In this monthly feature, The Sunday Times picks out 10 books from around the world that have just hit shelves.
Top Of The Stack
By Daniel Kahneman, Olivier Sibony and Cass R. Sunstein
William Collins/ Paperback/ 454 pages/ $30.98/ Available here
5 out of 5
We make judgments all the time - for example, about people, future events and investments - and are often beneficiaries - or victims - of judgments made by others.
But judgments are wrong more often than we think. Sometimes they are verifiably wrong. We can check, for instance, if an investment we made turned out as expected. At other times, they may not be verifiable, but can still be wrong.
Master psychologist and Nobel laureate Daniel Kahneman has made a career of exploring the cognitive limitations of the human mind.
In his latest book Noise, co-authored by Professors Olivier Sibony of HEC Paris and Cass R. Sunstein of Harvard, Kahneman does a deep dive into the world of judgment, exploring how and why judgments go wrong and what can be done to correct them.
The President's Daughter
By Bill Clinton and James Patterson
Century/ Paperback/ 594 pages/ $28.89/ Available here
Former United States president Clinton teams up with best-selling thriller writer Patterson for their second political blockbuster after 2018's The President Is Missing. This time, it is the daughter of a retired president - a different one from the last book - who has been kidnapped by terrorists. Her desperate father will defy the current commander-in-chief and do whatever it takes to bring her home, like a more presidential Liam Neeson from the Taken films (2008 to 2014).
By Michael Lewis
W. W. Norton & Company/ Hardcover/ 304 pages/ $27.82/ Available here
This non-fiction thriller tells the stories of the medical visionaries who attempted to warn America of the Covid-19 pandemic, even as former president Donald Trump's administration downplayed the threat.
They include 13-year-old Laura Glass, whose science project on airborne pathogen transmission developed into a model for disease control, to a secret team of dissenting doctors dubbed the Wolverines, who had the resources and experience to fight the pandemic - but lacked official permission to carry out their work.
The Anthropocene Reviewed
By John Green
Ebury Press/ Paperback/ 304 pages/ $30.90/ Available here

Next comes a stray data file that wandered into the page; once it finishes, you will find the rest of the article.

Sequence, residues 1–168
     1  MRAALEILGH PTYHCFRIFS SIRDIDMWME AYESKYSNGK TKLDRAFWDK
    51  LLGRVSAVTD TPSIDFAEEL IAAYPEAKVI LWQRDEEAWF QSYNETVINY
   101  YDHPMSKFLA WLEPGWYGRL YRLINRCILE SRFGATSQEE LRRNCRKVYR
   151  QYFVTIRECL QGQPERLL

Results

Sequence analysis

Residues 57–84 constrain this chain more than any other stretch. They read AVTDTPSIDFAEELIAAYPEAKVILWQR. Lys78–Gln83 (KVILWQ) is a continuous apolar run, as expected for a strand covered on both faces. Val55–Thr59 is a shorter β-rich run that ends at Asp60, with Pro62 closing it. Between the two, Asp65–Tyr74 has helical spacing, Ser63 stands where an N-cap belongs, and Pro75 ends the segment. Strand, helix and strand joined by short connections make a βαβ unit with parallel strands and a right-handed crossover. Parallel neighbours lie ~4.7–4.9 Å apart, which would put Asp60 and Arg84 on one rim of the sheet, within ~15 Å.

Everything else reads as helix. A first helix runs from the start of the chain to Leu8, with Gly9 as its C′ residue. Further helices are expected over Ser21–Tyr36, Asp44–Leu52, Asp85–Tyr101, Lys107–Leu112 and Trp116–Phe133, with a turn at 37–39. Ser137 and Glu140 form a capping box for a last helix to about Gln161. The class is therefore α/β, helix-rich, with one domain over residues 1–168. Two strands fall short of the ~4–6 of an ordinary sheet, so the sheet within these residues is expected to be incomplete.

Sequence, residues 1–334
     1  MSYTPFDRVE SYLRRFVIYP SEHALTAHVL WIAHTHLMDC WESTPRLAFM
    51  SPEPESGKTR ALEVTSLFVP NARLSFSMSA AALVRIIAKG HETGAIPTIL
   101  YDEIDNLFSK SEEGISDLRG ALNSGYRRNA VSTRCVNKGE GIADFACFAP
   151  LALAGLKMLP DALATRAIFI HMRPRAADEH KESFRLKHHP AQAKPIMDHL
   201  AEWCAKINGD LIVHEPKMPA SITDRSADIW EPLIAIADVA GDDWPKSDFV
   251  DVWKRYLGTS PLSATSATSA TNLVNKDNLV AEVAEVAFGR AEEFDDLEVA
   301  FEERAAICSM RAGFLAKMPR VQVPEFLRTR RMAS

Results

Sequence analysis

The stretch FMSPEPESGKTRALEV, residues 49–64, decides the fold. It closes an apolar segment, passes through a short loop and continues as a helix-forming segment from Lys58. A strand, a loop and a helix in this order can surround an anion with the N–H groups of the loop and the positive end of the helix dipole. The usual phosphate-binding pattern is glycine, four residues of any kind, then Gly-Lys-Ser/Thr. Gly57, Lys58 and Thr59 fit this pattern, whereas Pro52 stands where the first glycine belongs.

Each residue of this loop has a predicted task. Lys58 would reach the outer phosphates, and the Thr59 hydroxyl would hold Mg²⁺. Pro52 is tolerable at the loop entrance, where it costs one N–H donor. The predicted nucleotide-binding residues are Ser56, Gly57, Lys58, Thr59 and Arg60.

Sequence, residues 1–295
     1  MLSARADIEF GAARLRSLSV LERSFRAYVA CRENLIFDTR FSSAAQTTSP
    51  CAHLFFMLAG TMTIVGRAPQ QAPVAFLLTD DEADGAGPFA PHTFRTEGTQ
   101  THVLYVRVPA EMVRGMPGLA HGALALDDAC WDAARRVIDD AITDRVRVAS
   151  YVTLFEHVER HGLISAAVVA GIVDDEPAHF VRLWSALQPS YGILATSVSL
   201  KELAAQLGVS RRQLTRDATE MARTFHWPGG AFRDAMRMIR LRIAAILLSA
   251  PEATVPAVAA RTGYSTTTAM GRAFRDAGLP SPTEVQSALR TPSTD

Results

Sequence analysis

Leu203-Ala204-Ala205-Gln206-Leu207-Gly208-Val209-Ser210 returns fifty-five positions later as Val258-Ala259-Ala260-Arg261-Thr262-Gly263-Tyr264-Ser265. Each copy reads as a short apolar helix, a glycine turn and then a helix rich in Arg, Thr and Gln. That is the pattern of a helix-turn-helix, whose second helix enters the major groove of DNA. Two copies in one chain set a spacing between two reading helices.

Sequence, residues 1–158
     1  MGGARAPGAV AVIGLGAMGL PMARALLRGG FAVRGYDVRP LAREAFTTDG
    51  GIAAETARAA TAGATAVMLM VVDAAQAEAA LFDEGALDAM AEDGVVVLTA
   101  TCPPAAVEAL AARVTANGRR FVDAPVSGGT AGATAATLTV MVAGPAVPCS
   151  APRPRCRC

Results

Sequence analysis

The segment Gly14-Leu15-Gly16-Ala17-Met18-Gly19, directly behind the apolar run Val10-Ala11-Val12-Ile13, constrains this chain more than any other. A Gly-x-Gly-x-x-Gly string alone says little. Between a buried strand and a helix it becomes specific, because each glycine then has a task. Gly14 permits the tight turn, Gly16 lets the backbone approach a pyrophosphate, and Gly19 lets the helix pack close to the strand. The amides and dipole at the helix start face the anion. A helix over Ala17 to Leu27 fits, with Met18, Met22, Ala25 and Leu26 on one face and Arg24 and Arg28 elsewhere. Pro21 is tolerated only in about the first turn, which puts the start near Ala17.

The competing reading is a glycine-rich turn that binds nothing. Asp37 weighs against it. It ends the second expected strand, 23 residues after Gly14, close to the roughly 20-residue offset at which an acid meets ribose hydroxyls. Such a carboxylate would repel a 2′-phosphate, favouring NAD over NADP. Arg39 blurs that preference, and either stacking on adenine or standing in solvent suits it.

Green is best known as the bestselling novelist behind young-adult hits such as The Fault In Our Stars (2012) and Turtles All The Way Down (2017). In 2018, he started a podcast in which he reviewed facets of the Anthropocene - the geological epoch dominated by human impact - on a five-star scale.
In this book, he collects his podcast episodes as a series of essays on things as diverse as sunsets, scratch-and-sniff stickers and the Super Mario Kart racing video game.
By Joanne M. Harris, illustrated by Charles Vess
Gollancz/ Hardcover/ 420 pages/ $54.94/ Available here
"There is a story the bees used to tell, which makes it hard to disbelieve," begins this enchanting book of stories by the author of the novel Chocolat (1999), exquisitely illustrated by fantasy artist Vess.
Set in the Nine Worlds, these are dark tales of figures like the Lacewing King of the Silken Folk, who live in the shadows and cast none themselves, and the Moon Queen of the Undersea.
By Elinor Cleghorn
Weidenfeld & Nicolson/ Paperback/ 470 pages/ $32.95/ Available here
British cultural historian Cleghorn examines the troubling history of how women's ill-health, from hysteria to endometriosis, has often been misinterpreted or overlooked, even as a woman's right over her own body remains continually challenged.
Cleghorn draws on her own experience as an unwell woman, after seven years of strange pains that were repeatedly dismissed or misdiagnosed, until a rheumatologist finally diagnosed her with lupus.
How The Word Is Passed
By Clint Smith
Dialogue Books/ Paperback/ 321 pages/ $34.60/ Available here
American journalist and poet Smith takes the reader on a tour of how the legacy of American slavery is addressed in nine sites such as the Whitney Plantation in New Orleans, US President Thomas Jefferson's Monticello plantation and Blandford Cemetery, the resting place of thousands of Confederate soldiers.
By Lisa Taddeo
Bloomsbury Circus/ Paperback/ 336 pages/ $29.95/ Available here
American author Taddeo, who made waves with her provocative non-fiction bestseller Three Women (2019), makes her fiction debut.
Joan flees New York for Los Angeles after the boss she was having an affair with bursts into a restaurant where she is having dinner with another man and shoots himself in front of her.
Embarking on a descent into depravity, she befriends a yoga instructor called Alice, who might be able to help her make sense of her own traumatic past.
I Know What I Saw
By Imran Mahmood
Raven Books/ Paperback/ 355 pages/ $29.99/ Available here
Xander Shute, a wealthy banker who is now homeless, takes shelter in what he thinks is an empty flat and witnesses a woman's murder.
But he is told by the police that the murder could not have happened, and his mental health comes under scrutiny.
By Rupert Thomson
Corsair/ Hardcover/ 215 pages/ $39.22/ Available here
British writer Thomson takes the reader back to the eve of another crisis - what now feels like the long-ago financial crash of 2008.
Three novellas set in Barcelona, Spain - narrated by an Englishwoman who runs a gift shop, an alcoholic jazz pianist and a translator tormented by unrequited love - are all connected by a crime committed against a young Moroccan immigrant.